- The dollar reversed early gains against a currency basket on Thursday as comments from the Federal Reserve about inflation rising this year failed to lift the greenback from its almost three year lows.

The U.S. dollar index, which measures the greenback’s strength against a basket of six major currencies, was down 0.12% at 88.83 by 09:53 AM ET (14:53 GMT), clinging above last week’s low of 88.25, its weakest level since December 2014.

After briefly climbing in early trade the dollar fell back as investors awaited Friday’s U.S. employment report for January.

The dollar has weakened broadly this year as expectations for a faster rate of monetary tightening outside the U.S., which would lessen the divergence between the Federal Reserve and other central banks, eroded its relative yield attraction for investors.

The Fed left interest rates unchanged on Wednesday but said inflation is likely to accelerate this year, underlining expectations that interest rates will continue to rise.

The Fed has forecast three rate hikes for this year after lifting borrowing costs three times in 2017.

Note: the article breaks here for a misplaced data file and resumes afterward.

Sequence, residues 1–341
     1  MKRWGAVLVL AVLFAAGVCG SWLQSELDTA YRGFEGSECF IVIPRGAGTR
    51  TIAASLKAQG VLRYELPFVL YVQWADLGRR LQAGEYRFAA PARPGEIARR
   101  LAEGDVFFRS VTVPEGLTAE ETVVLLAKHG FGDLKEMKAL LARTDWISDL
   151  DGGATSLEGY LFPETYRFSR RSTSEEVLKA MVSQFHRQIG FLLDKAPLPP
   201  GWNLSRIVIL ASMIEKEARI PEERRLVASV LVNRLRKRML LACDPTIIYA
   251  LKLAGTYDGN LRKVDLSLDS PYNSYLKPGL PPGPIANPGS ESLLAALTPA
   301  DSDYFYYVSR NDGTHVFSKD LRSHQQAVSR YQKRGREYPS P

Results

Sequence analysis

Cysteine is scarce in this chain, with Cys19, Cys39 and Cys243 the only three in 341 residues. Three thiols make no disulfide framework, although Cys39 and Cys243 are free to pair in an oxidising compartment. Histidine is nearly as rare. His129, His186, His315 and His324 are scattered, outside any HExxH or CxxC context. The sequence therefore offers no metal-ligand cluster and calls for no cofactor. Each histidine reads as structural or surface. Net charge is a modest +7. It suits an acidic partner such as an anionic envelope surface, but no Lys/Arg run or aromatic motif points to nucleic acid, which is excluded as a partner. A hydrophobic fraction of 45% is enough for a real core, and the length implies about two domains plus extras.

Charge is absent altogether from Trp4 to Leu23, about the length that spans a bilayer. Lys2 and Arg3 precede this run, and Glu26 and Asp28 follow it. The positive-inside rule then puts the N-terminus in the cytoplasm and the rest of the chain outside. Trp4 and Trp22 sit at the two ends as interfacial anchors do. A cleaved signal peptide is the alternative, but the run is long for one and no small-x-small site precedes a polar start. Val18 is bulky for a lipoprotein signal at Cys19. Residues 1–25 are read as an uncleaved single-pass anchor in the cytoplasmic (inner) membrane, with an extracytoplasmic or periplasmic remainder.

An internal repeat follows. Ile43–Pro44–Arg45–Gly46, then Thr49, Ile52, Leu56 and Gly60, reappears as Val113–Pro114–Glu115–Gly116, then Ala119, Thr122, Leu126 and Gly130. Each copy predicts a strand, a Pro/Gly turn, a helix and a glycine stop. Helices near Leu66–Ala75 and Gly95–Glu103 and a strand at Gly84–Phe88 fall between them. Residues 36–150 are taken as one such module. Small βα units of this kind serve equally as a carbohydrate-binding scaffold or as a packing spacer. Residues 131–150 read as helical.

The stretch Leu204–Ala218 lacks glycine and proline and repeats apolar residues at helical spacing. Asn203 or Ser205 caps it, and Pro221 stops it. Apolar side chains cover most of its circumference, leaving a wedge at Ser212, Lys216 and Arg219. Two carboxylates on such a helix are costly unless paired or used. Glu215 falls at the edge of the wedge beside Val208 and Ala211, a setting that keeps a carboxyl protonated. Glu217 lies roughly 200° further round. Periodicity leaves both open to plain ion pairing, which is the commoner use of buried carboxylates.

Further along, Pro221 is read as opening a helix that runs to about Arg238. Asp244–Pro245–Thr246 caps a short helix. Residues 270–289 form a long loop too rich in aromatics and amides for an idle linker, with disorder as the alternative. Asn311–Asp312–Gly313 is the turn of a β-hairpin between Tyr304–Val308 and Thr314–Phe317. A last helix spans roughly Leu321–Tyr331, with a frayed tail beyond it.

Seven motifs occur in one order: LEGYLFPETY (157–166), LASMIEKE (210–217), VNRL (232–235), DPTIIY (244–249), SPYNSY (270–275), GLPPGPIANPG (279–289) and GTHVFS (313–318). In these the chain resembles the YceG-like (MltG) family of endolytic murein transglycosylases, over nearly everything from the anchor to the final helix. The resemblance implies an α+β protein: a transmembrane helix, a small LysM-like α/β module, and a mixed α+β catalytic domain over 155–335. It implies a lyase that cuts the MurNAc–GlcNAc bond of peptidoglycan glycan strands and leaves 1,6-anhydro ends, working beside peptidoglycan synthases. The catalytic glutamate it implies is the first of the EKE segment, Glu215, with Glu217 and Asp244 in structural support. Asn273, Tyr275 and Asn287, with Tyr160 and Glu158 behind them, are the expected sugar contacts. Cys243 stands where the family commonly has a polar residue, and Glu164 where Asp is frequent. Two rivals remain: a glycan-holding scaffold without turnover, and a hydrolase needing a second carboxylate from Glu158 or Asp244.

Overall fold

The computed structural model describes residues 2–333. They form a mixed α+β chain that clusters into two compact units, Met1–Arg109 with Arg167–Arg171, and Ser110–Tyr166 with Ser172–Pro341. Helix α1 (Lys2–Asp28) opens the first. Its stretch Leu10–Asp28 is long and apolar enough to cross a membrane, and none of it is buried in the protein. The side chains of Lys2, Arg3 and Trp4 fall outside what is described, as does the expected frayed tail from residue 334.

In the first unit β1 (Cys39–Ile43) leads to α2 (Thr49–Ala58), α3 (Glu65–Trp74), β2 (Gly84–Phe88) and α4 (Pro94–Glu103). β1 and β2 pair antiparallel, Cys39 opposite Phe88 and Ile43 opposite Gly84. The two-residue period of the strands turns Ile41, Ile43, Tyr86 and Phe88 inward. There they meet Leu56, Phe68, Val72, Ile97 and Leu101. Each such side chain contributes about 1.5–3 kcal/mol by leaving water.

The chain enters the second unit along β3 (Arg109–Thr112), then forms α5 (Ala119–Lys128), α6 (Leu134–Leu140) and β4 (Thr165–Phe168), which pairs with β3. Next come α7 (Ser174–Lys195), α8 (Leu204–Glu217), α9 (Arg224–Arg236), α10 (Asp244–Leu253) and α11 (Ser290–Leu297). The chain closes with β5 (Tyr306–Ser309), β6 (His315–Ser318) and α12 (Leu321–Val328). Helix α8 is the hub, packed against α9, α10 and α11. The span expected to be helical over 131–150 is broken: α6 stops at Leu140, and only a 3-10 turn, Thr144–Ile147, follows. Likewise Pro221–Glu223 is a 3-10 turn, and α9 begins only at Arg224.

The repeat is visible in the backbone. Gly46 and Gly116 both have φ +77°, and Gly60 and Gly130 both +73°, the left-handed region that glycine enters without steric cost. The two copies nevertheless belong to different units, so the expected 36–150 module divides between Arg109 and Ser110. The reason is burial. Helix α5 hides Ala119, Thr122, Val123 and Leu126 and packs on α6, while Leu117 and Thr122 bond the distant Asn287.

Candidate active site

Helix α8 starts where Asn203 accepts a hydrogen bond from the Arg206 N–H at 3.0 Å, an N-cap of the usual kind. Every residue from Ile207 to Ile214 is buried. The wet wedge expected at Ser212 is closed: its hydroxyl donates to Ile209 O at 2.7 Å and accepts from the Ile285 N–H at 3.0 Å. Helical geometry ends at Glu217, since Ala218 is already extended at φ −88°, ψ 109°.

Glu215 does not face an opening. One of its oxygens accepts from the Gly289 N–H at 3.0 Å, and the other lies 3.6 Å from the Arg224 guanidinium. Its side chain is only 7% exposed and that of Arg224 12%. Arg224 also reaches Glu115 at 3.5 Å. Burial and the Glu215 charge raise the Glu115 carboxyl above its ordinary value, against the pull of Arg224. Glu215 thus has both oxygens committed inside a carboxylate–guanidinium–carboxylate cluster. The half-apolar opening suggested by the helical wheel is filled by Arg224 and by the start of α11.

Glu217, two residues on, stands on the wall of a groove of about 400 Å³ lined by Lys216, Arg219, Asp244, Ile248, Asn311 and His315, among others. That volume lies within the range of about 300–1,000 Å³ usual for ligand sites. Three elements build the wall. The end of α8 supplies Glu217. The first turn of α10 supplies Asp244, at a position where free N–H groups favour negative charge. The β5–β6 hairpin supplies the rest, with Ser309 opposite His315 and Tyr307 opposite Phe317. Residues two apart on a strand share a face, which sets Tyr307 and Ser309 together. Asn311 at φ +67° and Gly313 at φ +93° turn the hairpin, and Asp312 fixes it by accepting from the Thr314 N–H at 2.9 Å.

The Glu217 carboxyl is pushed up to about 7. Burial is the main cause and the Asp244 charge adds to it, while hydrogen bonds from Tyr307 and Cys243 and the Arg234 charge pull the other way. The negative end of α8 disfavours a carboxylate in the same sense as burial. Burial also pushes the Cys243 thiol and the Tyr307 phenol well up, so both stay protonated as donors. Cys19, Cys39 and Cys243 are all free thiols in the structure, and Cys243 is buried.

Data on Thursday showed that the number of Americans filing for unemployment benefits unexpectedly fell last week, pointing to sustained strength in the labor market.

Another report showed that U.S. worker productivity slid lower in the fourth quarter.

The euro moved higher against the dollar, with EUR/USD rising 0.29% to trade at 1.2449, not far from the more than three year peaks of 1.2537 reached last week.

In the euro zone, data on Thursday showed that factory growth remained strong in January. The euro zone manufacturing index came in at 59.6, down slightly from December’s record high of 60.6.

The data underlined expectations that the European Central Bank will soon start to scale back its massive stimulus program.

The dollar held gains against the yen, with USD/JPY adding on 0.25% to trade at 109.45, having pulled up from last Friday’s four-and-a-half month low of 108.27.

Sterling was little changed, with GBP?USD at 1.4200.